The Deadspin Awards are in July, and we need our readers to decide the winners of these prestigious honors. Today, we ask you to vote on an issue close to our hearts: Of all these bad tweets, which one was the absolute worst?
Since going into something like semi-retirement two years ago, disgraced dentistry enthusiast Rick Reilly has stayed relatively quiet, delighting sports fans everywhere. Not two weeks ago, though, he emerged with a long, bad SI cover story on the Golden State Warriors, and now he’s sent out what will surely remain one…
Legendary old school troll Dan Shaughnessy has a real strong take in today's Boston Globe about how soccer sucks. There is no way, he says, that the overbearing Futbol Moonies will make him feel guilty for disliking the sport. Further, he says, it will never catch on in America, not least because there's no sense of…
Rick Reilly published the last column of his career on ESPN.com today. It's not very good, as is the case with most of the stuff he's written since becoming a self-plagiarizing boob. But instead of dwelling on the present, let's send Reilly off by remembering the stuff he used to write before he started sucking.
Fox Sports 1's Katie Nolan, who has previously busted on Rick Reilly, has set her sights on the ol' Rickster once again.
This is how Rick Reilly's latest column, which is about Derek Jeter, begins:
ESPN announced today that Rick Reilly will be going part-time, giving up his ESPN.com column and restricting his appearances to television, including his features on SportsCenter and Monday Night Countdown. This is a little surprising, if only because the big-name columnists tend to die in harness.
The most generous reading of Rick Reilly's latest column, large parts of which are lifted wholesale from a 2009 Rick Reilly column, is that he just wants to give readers something from a time he wasn't mailing things in. But that 2009 column was awful too. Rick Reilly disdains you so much that he's recycling his crap.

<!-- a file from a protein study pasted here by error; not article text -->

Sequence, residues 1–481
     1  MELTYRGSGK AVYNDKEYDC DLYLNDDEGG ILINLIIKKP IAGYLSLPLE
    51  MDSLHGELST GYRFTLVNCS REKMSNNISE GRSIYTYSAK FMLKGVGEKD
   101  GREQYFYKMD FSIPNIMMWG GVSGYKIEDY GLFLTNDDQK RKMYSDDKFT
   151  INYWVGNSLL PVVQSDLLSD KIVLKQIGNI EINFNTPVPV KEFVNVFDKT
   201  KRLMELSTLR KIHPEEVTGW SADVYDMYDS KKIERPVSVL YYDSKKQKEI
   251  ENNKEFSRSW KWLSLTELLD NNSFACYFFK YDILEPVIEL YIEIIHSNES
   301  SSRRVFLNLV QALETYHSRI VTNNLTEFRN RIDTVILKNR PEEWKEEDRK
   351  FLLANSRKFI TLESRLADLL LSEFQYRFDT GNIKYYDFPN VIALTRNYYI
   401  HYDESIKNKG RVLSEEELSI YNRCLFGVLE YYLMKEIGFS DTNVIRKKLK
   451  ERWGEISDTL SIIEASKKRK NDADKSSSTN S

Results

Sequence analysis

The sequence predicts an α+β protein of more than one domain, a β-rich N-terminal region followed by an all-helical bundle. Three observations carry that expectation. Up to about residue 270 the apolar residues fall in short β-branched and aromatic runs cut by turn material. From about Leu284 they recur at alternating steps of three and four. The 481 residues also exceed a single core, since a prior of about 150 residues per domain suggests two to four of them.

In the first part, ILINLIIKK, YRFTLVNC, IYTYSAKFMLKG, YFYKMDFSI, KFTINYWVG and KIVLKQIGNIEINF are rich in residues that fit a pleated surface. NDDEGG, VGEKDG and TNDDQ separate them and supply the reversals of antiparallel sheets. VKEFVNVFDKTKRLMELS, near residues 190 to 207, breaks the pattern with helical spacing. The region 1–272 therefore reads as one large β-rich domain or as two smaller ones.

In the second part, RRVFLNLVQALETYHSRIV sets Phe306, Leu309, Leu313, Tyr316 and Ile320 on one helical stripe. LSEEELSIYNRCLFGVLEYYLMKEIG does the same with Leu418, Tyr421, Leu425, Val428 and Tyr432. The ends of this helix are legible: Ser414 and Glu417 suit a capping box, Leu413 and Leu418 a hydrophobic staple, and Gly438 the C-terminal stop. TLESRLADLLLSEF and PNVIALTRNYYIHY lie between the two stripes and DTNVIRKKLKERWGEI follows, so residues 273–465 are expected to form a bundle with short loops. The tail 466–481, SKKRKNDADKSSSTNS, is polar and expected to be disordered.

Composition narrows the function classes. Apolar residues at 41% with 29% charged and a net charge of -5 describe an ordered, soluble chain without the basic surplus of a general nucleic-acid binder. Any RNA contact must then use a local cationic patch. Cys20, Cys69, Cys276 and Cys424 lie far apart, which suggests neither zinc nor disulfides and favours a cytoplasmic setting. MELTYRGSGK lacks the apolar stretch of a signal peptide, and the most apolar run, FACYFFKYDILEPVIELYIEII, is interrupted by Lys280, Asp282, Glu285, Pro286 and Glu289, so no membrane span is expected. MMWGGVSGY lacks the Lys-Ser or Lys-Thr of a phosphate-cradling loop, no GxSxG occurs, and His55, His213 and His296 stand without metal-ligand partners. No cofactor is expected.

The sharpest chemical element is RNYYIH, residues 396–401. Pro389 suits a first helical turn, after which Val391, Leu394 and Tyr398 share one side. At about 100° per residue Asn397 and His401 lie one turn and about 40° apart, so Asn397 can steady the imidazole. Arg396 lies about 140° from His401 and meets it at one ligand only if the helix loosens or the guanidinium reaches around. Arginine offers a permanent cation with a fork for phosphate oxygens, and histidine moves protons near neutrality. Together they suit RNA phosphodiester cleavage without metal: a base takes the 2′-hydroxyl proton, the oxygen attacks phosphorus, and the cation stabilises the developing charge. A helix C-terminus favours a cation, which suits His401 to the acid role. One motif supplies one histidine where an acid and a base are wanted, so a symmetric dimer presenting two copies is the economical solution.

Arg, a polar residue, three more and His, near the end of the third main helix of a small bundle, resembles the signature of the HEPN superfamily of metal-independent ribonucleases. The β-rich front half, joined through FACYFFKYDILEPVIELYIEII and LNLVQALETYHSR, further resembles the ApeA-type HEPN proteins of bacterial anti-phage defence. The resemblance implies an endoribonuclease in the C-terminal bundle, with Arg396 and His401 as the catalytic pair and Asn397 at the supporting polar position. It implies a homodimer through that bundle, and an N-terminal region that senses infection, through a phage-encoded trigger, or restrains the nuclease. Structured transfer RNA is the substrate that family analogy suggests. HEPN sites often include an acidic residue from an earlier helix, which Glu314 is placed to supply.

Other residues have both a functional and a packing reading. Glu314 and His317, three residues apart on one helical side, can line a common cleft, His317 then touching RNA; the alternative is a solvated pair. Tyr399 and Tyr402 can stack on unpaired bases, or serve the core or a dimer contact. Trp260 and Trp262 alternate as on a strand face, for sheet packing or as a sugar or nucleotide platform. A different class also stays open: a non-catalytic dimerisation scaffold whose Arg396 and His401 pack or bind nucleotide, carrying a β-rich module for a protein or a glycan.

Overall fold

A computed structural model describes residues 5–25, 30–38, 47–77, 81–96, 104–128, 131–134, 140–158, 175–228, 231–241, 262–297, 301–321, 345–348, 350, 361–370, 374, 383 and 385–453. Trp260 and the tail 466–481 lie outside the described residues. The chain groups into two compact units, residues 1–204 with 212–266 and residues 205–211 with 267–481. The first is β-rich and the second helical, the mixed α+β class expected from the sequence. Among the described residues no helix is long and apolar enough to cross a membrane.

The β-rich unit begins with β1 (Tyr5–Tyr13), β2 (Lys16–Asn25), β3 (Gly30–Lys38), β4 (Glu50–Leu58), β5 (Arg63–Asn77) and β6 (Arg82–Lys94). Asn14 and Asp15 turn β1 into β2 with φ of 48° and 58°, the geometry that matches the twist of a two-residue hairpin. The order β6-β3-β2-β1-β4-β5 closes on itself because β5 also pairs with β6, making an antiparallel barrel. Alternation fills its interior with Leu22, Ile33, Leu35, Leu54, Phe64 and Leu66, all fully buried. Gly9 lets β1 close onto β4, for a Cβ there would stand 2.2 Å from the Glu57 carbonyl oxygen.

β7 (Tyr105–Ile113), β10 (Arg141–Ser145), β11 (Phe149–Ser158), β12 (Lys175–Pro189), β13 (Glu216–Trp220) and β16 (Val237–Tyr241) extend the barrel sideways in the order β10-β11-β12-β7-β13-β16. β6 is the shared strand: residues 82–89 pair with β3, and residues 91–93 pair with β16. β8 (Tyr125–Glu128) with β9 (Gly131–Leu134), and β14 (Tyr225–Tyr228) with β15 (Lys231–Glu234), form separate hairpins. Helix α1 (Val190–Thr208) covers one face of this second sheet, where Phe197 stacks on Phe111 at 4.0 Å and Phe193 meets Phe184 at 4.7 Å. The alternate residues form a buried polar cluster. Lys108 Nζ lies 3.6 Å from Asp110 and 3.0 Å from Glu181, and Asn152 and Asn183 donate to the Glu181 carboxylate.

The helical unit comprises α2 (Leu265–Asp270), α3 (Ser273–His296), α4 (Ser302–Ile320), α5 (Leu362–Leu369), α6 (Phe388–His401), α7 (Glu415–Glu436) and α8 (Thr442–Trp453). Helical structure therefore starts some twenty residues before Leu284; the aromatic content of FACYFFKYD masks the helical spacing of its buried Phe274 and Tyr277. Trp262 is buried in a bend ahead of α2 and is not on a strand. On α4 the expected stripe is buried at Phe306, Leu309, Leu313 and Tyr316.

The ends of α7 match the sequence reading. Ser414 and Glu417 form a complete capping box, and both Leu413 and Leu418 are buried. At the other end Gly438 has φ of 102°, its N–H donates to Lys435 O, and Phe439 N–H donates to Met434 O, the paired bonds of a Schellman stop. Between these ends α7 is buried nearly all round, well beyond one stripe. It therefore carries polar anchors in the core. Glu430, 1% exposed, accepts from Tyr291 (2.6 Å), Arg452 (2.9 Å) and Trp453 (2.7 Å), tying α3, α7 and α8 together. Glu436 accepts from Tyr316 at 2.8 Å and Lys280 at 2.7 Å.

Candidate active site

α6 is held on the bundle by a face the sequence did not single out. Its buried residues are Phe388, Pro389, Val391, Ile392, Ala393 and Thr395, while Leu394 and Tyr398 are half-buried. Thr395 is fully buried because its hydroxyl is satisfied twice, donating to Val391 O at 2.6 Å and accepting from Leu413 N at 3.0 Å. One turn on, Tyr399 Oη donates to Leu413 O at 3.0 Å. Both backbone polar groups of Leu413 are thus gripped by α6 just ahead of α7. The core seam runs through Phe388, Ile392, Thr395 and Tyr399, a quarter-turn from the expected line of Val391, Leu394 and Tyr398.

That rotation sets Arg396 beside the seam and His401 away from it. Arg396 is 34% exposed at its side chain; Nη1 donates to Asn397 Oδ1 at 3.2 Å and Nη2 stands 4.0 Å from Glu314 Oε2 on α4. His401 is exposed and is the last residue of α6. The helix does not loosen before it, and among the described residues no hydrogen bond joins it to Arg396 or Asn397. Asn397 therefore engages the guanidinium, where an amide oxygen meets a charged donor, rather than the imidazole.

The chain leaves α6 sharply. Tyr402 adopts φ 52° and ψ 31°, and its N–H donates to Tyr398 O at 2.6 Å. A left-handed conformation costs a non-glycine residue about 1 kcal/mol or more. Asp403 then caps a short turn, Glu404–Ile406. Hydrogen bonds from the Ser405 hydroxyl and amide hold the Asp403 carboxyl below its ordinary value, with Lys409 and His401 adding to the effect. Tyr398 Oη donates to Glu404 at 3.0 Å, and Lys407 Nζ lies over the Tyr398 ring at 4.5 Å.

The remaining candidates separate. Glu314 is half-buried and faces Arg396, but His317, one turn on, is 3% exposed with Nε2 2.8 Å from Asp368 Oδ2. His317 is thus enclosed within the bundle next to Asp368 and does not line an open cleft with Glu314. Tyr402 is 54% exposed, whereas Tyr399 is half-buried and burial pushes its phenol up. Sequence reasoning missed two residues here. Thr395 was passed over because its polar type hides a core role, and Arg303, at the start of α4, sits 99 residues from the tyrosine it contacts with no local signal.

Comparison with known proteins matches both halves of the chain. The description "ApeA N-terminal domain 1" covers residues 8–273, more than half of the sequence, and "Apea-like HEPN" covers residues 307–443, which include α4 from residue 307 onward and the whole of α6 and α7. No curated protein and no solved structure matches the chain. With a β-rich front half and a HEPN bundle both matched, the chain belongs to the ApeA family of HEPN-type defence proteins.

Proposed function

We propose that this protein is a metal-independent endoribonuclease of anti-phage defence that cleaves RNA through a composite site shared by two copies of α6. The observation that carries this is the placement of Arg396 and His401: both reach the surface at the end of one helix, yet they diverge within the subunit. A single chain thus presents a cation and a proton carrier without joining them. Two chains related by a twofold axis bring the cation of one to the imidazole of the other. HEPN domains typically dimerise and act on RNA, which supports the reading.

Rick Reilly went on TV yesterday and said some stupid things—chief among them was referring to Olympic gold medalist Gabby Douglas as Gabby Giffords, the Arizona congresswoman who survived being shot in the head in 2011—but he also said some mean things about Regis Philbin. Reilly's words did not sit well with Katie…
Bob Burns, Rick Reilly's American Indian father-in-law, wrote an essay saying that Reilly had inaccurately represented Burns's stance on the Washington Redskins' name in his ESPN column. Reilly has now released a statement, feeling he "accurately quoted" Burns and his thoughts on the Redskins' moniker.
Last month, ESPN's Rick Reilly came out in support of the Redskins' name. The backbone of his argument? Father-in-law Bob Burns, a Blackfeet elder, who supposedly said he doesn't care about the team name. Burns has written a response for Indian Country Today Media Network, and oh man.
Reader Freddie writes in:
I wouldn't say that Rick Reilly is inconsistent, exactly. Compare this 1991 column on Native American nicknames for sports teams to the one he published earlier this week, and you'll find lots of similarities. In both, for instance, he goes for the reductio ad absurdum of comparing all such nicknames to racial slurs,…
The Rick Reilly kicker quiz: No matter what you score, the lesson is that nothing is too ludicrous to have been written by Rick Reilly. [SB Nation]
ESPN's Rick Reilly just published a column about the controversy over the racist nickname of the Washington Redskins in which, after consulting a few Native Americans, he compares those who'd like the team to change its nickname to those who originally restricted Native Americans to reservations. Seriously: that's his…
That is the major takeaway from this overcooked word-soup from Rick Reilly. Sure, he bizarrely shoehorns George Zimmerman into an article about "young, urban athletes" who were neither murdered nor murderous, but the real gist of this column is that Rick Reilly is fucking shocked that those four kids didn't steal…
Cynthia Reilly's Twitter presence is small. She's tweeted just 42 times and follows only nine people. She has three followers. But she's there for an important reason: to get people to call her husband, ESPN writer Rick Reilly.